The design studio has essentially remained unchanged for the last century. Seasoned designers, no matter how progressive, are oft quick to declare, “how it’s done” following a workflow and studio model they were trained to follow, without ever wondering why.
Most studios operate using a top-down management model similar to the one illustrated below. Orders are passed along, using strict levels of hierarchy. This is generally done while adhering to a traditional product assembly-line process.
A closer look exposes flaws in this structure. Some ‘marginal’ roles are involved at every design phase, whereas some ‘centralized’ roles only once. Time commitments can also vary, but status and compensation stay glued to this system, which is becoming ineffective for today’s design landscape. It has been fine to follow “business-as-usual” over recent decades because, in most cases, technologies like the computer have aided the design process. But “business-as-usual” does work well for recent technological, economic, or sustainable developments. How can the studio be ready for what’s next? How do designers address the behaviors metric (EN.01)?
Start by changing perspective. A studio interpreted as a system can be reorganized in a myriad of ways. Systems theory is a means of organizing anything in the way life might. It’s also about re-evaluating how things are connected. Below is an illustration of the studio and process as a living system.
In this particular model, new business brings work in (inhaling); then it’s handled by strategy. Immediately, strategy moves into the center of the process where it mixes with latter steps (blood flow), moving around while being fed new research (oxygenation). Project management and the legal department function as skin for the system. Finally, comes the release (exhaling).
Seasoned directors generally agree that good project managers are invaluable. Junior designers will question this, wondering why time should be tracked or why project roles are needed when they have a title. But project managers are much more than glorified task managers.
In a living system, they can be viewed as protection. An example of a ‘marginal’ role that becomes important: Project managers filter client comments in positive ways, avoiding “scope creep,” and assure work moves smoothly through the process, freeing creatives up to do what they do best. ‘Centralized’ roles also become less isolated. Designers can work closely with strategists, production artists, and printers to create better products. This gives projects a greater impact (PE.01) on studios, clients, and customers. Likewise, connections between ‘unrelated’ roles can be recognized and strengthened, creating a stronger studio and stronger projects. It develops the long view (PE.05) opening projects to more stakeholders.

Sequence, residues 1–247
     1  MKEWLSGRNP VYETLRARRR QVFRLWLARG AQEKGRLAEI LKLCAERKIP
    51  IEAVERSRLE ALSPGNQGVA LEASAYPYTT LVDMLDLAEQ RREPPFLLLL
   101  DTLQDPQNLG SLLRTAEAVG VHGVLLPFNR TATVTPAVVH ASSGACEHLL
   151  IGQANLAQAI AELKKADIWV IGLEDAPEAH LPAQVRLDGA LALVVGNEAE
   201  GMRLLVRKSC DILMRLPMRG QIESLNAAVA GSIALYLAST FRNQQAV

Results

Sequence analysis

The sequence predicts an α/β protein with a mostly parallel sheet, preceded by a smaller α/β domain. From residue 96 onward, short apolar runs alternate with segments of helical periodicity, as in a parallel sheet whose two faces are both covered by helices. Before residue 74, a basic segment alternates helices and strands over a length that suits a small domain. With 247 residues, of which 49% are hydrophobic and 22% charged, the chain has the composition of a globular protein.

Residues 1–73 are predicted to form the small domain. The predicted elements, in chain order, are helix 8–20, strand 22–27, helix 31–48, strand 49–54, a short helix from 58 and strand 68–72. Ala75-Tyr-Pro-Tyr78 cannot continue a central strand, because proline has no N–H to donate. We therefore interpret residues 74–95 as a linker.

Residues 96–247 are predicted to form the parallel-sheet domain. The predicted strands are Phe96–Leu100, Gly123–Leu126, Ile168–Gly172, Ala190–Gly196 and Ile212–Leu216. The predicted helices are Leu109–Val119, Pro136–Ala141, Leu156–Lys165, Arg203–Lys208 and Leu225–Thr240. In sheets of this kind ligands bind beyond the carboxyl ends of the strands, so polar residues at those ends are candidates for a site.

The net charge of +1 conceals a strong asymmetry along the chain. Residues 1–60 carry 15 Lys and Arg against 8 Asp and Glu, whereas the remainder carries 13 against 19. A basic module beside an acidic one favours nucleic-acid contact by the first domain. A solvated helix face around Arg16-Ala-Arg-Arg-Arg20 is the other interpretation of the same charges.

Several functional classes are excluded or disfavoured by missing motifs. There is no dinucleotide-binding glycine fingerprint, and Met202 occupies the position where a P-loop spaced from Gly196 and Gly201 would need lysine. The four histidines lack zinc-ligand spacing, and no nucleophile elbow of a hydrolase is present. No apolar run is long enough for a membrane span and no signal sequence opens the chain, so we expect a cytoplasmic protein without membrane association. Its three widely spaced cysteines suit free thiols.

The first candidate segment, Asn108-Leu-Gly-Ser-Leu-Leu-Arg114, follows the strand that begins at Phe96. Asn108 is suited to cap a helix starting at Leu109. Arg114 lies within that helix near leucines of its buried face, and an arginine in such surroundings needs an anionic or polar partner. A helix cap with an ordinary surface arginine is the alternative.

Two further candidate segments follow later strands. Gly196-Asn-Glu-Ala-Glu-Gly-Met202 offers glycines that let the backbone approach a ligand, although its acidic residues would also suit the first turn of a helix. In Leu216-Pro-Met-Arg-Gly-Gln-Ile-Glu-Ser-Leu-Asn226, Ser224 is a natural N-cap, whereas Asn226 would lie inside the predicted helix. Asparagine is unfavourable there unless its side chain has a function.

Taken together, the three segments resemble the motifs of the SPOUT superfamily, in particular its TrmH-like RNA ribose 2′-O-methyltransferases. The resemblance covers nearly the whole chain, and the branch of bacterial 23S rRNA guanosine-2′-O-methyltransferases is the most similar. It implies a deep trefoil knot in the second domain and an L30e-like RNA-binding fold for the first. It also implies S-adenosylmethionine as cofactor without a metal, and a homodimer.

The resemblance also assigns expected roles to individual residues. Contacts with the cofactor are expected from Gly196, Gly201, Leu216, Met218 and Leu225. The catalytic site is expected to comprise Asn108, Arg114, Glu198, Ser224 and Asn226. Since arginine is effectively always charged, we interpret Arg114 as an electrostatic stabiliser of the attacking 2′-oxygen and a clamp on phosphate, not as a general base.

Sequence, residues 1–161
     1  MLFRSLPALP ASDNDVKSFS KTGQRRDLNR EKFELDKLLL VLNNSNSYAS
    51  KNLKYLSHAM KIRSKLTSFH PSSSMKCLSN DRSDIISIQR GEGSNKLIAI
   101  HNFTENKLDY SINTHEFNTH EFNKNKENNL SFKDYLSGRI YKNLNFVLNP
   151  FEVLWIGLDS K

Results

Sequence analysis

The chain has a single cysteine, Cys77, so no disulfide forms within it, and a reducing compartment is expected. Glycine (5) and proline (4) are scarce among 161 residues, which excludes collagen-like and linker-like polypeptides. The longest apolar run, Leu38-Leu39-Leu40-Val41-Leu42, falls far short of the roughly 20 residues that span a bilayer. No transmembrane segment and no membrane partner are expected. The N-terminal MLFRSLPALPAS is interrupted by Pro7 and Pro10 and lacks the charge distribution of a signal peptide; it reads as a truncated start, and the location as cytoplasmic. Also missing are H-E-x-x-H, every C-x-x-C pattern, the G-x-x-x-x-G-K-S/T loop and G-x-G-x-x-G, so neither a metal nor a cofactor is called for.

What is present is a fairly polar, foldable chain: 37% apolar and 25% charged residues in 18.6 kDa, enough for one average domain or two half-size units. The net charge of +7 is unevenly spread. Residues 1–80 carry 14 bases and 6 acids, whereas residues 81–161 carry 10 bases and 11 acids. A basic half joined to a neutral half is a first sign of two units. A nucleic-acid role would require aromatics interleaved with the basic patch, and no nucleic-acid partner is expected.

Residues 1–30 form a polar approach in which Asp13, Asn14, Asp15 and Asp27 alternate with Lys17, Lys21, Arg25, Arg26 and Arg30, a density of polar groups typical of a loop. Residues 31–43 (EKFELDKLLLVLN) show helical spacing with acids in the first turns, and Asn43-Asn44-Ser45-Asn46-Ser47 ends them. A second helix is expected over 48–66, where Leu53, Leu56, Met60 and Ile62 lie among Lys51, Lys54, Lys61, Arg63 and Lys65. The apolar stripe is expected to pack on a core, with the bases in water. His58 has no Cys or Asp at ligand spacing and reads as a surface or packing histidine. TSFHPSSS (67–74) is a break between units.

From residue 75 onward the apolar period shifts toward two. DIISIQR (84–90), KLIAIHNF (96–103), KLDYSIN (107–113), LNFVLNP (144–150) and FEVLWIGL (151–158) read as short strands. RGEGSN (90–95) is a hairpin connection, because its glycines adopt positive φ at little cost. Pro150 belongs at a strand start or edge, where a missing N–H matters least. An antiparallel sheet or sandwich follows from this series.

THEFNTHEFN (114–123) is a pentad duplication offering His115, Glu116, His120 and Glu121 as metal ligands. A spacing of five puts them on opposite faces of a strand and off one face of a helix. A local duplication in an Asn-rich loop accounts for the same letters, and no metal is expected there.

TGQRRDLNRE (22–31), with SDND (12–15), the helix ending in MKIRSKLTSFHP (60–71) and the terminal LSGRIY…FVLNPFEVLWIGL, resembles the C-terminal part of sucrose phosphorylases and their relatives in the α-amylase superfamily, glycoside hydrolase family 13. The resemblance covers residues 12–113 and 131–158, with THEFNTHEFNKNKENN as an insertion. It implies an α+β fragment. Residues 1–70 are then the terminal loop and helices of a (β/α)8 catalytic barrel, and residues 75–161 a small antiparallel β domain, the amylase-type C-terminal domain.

Unknowingly, restaurants have been structuring themselves like living systems for years. The restaurant has multiple organs of activity operating interdependently in a larger system. They interact in a nonlinear fashion, taking an array of inputs and channeling them into outputs, essentially “made to order.” When this “Kitchen Brigade” system was introduced by Escoffier, it reduced customers’ waiting time by two thirds while retaining meal quality and improving consistency . An expertly run restaurant will have minimal items on the menu, which are organized into hundreds of dining options. These options are deployed quickly and accurately, bringing value both through service and the product (EC.06). If restaurants ran like design studios, guests might wait days to eat!
Sustainable innovation can gain a lot from this thinking. By turning the current studio model into an interdependent system, businesses can adapt to client’s needs while project roles operate cohesively and simultaneously (CU.03). This means better design and better feedback loops. Ultimately, it means better solutions for the client, and more possibilities for leveraging individual staff talents and strengths for the design firm.
The first “Making Sustainability Work” article focused on analyzing and then manipulating the current design process by adjusting where in the sequence production falls.
Meadows, Donatella H.: Thinking in Systems: a primer. White River, VT: Chelsea Green, 2008. Print.
As the title says, this book is a beginner’s overview of
James, Kenneth: Escoffier: The King of Chefs. London: Hambledon Continuum, 2006. Print.